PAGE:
The Dean’s Symposium, a series of panels sponsored by the Division of Humanities and Social Sciences along with the Department of the Library, features discussions of and by CSI’s faculty on important new scholarship, national and international issues, and new curricular development.
Before we look ahead to this year’s symposia, let us look back at the past year’s successful series.
The October Symposium, “Election 2012: Staten Island and the Nation,” took CSI political scientists Professor Richard Flanagan and the late Professor Daniel Kramer’s book Staten Island: Conservative Bastion in a Liberal City as its point of departure for a discussion of the pending election. The lively panel of Councilman James Oddo; Tom Wrobleski, Political Editor of the Staten Island Advance; Jeffrey Kroessler, John Jay historian; and Flanagan addressed local and national issues and the likely impacts of the election results.
The November symposium brought together members of the English and Performing and Creative Arts departments for a discussion of the campus production of Romeo and Juliet. Professor George Sanchez interviewed the production’s director Lee Papa and set designer Kevin Judge.
The final Fall Symposium, “Asian Media and Popular Culture: Chinese State Television and Rock ‘n’ Roll,” explored the development of state media and popular culture in China. It was hosted by Ying Zhu, of the Department of Media Culture and author of Two Billion Eyes, a critical analysis of state-run television in China, and Jonathan Campbell, a Toronto-based music critic and author.
Business professor Alan Zimmerman and Media Culture professor Michael Mandiberg opened the Spring series with “Mix/Remix: Protecting Intellectual Property and Giving Things Away Is Hard Work.” During the two-part presentation, each professor discussed counterfeiting, intellectual property, and creative commons licenses. The experts shared their perspectives on piracy and copying in the United States and across the globe.
In April, The Dean’s Symposium, “The Science, Letters, and Society (SLS) Major: From 1971 to the Present,” highlighted the accomplishments and history of this major, one of the first liberal arts majors of its kind in the country. Panelists Joel Berger, Professor Emeritus of Education; Jane Coffee, Professor of Mathematics and Director of the Teacher Education Honors Academy; Erika Desiano ’05, SLS Major and fourth-grade teacher at PS 50; Deborah DeSimone, Education professor; Francisco Soto; Professor of World Languages and Literatures and Director of the SLS Program; and Sandi Cooper, Professor of History and one of the founders of the program, shared SLS’s contributions to learning over the last 40 years.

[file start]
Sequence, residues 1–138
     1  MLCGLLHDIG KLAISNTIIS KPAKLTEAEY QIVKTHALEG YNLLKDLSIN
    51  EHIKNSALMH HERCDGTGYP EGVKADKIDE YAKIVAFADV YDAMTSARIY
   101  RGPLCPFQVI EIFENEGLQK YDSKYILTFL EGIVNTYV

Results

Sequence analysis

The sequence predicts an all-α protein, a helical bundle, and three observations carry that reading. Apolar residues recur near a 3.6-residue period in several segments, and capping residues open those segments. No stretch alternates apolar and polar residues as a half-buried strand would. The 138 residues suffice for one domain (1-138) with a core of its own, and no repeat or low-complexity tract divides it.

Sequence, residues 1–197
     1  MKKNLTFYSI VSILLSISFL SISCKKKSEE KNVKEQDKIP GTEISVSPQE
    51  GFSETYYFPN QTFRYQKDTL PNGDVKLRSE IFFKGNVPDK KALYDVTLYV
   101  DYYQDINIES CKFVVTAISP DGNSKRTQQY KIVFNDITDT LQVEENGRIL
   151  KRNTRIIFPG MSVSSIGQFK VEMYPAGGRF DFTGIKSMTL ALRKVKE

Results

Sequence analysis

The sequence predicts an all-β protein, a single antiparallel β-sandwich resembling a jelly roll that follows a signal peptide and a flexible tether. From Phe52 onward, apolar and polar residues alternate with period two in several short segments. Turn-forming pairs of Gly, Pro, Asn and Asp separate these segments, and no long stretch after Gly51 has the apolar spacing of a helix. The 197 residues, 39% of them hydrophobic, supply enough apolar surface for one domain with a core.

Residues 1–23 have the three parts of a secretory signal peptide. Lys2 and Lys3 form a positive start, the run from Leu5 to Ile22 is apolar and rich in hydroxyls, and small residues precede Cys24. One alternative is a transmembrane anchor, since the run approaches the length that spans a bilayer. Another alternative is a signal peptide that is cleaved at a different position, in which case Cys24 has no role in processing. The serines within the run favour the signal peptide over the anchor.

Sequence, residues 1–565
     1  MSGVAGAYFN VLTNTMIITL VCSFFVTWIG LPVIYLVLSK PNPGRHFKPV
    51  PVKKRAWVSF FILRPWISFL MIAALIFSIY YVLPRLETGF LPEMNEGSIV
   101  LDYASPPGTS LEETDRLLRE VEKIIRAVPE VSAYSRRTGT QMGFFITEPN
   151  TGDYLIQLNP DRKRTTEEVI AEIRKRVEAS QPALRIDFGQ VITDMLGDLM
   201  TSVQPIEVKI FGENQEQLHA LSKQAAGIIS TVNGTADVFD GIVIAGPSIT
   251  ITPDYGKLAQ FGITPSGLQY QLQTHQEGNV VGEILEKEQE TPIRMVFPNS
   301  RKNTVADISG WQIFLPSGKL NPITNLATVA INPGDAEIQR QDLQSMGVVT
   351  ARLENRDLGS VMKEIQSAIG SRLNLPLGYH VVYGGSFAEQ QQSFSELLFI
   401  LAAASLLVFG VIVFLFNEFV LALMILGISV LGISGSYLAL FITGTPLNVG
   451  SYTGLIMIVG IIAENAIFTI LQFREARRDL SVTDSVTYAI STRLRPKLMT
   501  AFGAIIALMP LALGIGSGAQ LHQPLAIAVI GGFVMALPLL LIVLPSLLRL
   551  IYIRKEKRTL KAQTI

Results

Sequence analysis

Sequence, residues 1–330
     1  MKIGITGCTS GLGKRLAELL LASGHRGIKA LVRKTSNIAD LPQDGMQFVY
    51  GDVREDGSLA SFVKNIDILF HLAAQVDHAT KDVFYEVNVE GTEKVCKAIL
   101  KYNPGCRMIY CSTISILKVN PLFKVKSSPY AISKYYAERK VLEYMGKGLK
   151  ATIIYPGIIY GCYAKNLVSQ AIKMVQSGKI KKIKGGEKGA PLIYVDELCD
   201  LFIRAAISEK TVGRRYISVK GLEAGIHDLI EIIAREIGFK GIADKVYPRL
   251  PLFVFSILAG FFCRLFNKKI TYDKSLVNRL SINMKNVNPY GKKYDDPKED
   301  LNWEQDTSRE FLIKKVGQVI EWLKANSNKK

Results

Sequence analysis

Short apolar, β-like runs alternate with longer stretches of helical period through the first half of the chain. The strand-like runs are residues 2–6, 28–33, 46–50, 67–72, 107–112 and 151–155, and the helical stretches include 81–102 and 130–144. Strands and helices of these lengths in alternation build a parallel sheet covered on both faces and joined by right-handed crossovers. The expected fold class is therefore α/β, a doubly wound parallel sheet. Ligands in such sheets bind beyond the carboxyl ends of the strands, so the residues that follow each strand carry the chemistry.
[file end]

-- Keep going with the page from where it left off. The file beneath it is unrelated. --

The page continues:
The final Dean’s Symposium in May, “Happy First Birthday, CLACLS!,” celebrated the first year of the Certificate in Latin America, Caribbean, and Latina/o Studies at CSI. The panel, consisting of Jillian Baez, Media Culture; Leigh Binford, Sociology, Anthropology, and Social Work; Rafael de la Dehesa, World Languages and Literatures; Sarah Pollack, World Languages and Literatures and panel moderator; and Oswaldo Zavala, World Languages and Literatures, discussed faculty research aimed at increasing our understanding of political, cultural, and social changes in the Caribbean and Latin America.
Alhough the specific dates have not yet been set, CSI’s Division of Humanities and Social Sciences and Library Department are preparing the 2013-2014 symposia, beginning with “People on the Move: Crossing and Recrossing Borders,” a discussion of immigration here and abroad. Subsequent symposia may feature research on infant learning, ethics, food, and musical performances.
The Dean’s Symposium believes in the quote from Voltaire: “By appreciation, we make excellence in others our own property.”